What Worked for them can Help You Get into the Law School of Your Choice
I am described as effortlessly astute, contagiously joyful, and cautiously spontaneous. I’m also boundlessly ambitious. It seems I am always undertaking a new endeavor, and my friends and family have slowly become desensitized in their reactions when I mention one day that I booked a flight on a whim to explore the sights of Madrid for a week alone, or that I began training to teach self defense even though I had no prior experience, or that I gave up elevators for Lent when I lived on the seventh floor of my dorm building. When I joined both College Republicans and College Democrats, however, even my closer friends had to scratch their heads. Politics isn’t necessarily a passion of mine, and they were confused as to who in her right mind would get involved in two organizations with such contrasting perspectives, members, and goals. Perhaps I’m not “of right mind”: To me, it seemed like a perfectly logical thing to do. An important election was coming up, and while I had my own ideas and perspectives, I wanted to make sure I was exposed to all sides fully before I cast my first-ever presidential ballot.
I attended the two clubs’ weekly meetings and soon befriended people in each. In both clubs, I was exposed to a combination of values I vehemently opposed and values I fully shared. I was surprised when, rather than opening my eyes to opposing ideas and changing my outlook as I had anticipated, my involvement in the clubs instead solidified my own previously held beliefs and values. I consider myself an open-minded person, but slowly I was narrowing my perspective rather than expanding it. I became more certain of my beliefs as I became more educated about them. This is one reason I see myself with a bright future in law. I am able and willing to see both sides of an argument and can respect diverse opinions, as I did at meetings, but I am also able to stand decisively in favor of one position over another.
This past spring, I worked for six months at the U.S. Attorney’s Office (USAO) of Massachusetts as a part of my university’s cooperative education (co-op) program. I went into the experience having always intended to go into law, but with the expectation that this internship would help me to narrow my focus and show me aspects of law I disliked. I wasn’t sure if I would enjoy working in the government compared to a private firm. Perhaps prosecution wouldn’t be for me. At the very least, maybe I would hate working with certain units within the office. A common refrain around my university’s campus about co-op is that it oftentimes is most useful in showing you what you do not want to do. My time at the USAO did limit my career options, but not in the way that I had anticipated: I fall in love with the office and the passion of the people working there. I now will settle for nothing less than to become an Assistant U.S. Attorney myself someday.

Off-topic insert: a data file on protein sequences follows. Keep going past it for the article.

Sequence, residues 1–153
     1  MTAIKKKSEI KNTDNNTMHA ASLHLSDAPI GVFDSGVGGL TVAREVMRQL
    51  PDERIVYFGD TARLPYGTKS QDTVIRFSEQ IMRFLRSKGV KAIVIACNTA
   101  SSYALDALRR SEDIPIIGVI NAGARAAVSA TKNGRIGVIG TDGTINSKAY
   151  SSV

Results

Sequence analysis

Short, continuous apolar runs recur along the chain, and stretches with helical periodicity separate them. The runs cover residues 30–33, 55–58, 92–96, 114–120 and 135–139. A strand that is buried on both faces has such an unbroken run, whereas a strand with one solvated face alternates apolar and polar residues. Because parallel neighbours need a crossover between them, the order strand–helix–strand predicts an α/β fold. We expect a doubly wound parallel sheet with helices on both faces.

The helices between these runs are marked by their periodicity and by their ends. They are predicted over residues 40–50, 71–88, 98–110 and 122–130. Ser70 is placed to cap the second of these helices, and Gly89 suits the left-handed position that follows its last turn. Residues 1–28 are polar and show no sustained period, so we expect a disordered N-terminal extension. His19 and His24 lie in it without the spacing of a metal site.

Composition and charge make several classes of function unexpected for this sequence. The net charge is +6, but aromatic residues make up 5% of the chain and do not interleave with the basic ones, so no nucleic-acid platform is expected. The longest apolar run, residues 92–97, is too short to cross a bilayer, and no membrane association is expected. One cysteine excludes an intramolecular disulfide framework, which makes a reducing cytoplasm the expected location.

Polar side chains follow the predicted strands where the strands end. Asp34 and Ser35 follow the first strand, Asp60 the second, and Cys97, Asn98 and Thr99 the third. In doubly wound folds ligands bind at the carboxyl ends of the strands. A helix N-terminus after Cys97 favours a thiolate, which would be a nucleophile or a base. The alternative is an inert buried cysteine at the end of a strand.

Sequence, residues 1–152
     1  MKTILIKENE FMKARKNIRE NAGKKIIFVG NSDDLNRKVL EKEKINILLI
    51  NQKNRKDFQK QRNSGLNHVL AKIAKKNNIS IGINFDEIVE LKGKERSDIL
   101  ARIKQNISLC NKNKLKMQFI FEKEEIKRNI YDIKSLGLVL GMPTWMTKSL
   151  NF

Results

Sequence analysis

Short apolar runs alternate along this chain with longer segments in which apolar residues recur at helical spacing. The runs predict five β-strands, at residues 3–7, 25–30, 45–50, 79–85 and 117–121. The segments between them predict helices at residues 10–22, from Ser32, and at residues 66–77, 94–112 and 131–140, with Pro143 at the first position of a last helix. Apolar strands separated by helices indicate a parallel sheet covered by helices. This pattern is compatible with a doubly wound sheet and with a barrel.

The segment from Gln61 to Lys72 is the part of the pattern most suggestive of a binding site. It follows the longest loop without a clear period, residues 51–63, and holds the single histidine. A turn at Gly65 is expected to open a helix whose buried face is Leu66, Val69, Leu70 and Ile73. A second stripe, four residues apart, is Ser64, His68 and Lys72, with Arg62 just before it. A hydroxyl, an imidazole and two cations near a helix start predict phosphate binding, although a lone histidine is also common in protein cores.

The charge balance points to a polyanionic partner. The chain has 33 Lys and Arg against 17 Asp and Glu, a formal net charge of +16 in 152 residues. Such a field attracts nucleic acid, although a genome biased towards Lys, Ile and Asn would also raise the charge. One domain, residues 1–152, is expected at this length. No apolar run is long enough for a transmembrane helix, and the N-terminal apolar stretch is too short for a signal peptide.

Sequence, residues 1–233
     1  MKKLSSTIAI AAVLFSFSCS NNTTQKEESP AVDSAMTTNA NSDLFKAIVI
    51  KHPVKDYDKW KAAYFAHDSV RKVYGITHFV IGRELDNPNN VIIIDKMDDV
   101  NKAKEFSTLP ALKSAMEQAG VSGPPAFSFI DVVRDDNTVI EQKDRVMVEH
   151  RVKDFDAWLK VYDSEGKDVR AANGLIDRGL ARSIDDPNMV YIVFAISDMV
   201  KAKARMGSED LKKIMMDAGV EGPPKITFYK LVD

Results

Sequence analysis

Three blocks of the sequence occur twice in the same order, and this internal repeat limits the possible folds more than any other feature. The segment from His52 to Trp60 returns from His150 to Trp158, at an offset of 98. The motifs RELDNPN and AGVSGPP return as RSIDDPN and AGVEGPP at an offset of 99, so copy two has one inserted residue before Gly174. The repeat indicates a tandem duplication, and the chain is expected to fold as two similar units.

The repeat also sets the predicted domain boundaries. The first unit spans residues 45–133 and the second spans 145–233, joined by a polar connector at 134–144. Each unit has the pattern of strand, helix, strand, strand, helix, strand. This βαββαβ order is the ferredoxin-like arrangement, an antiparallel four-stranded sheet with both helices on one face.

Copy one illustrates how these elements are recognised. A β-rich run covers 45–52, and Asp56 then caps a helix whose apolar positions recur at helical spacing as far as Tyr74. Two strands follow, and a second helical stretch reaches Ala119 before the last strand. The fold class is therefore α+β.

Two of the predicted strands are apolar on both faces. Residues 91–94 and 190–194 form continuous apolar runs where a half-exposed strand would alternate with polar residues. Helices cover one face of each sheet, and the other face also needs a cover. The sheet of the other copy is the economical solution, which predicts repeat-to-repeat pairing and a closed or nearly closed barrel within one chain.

Of all my different dimensions, my ambition and desire to continually stray outside my comfort zone are those that reap the most reward. If something sparks my interest, I invest myself fully and completely and always see it through to its culmination. From my freshman year in high school when I took a business law class designed by a local university, until this moment as I complete my law school admissions applications, I have always and will always continue to challenge myself and work toward my dreams. I’m thrilled to embark on the next leg of this journey toward achieving my aspirations, and would be honored for that journey to take place at Harvard Law School.
Marissa Florio, despite unreservedly describing herself as “effortlessly astute, contagiously joyful, and cautiously spontaneous,” manages to come across as exactly the sort of person you would want to handle your case in court. Although not explicitly included in her given list of epithets, her essay also illustrates her to be humbly aggressive and enthusiastically self-aware.
The danger lies with any application essay of painting with strokes too broad, and oversimplifying one’s self. The resume already gives broad strokes—there’s no need to do so again.
Florio avoids repeating this by taking two episodes that might seem like the most typical application fodder to a critical eye, and allowing us to see the depth and complexity of experience lying beneath the otherwise unremarkable resume lines.
Florio approaches the first experience with an opened mind and leaves with a closed mind. Dual membership in the College Republicans and Democrats, which could have been evidence of childish naivete, functions rather as proof of mature sensibilities. Florio appears to be less of a dilettante and more of an adult coming into her own, as she describes how the experience “solidified [her] own previously held beliefs and values.”
The opposite mental transition happens with her second experience. Although she enters the Attorney’s Office with the very college-like “expectation that this internship would help me to narrow my focus and show me aspects of law I disliked,” Florio leaves it wanting to become an Assistant U.S. Attorney, a position that entails dealing with all aspects of the law.
Taken together, these experiences provide very convincing evidence that Florio is ready to enter professional life. She is not “open-minded” or “closed-minded,” but changes between the two and is sometimes both simultaneously, which is what real life and the legal world demand.
Her example demonstrates the importance of knowing the image she projects throughout her application—after identifying how she appears at the outset, Florio is able to use the essay as an opportunity to provide the reader with a key to decode her resume, and find within it a map of how her mind moves
-Nikhil R. Mulani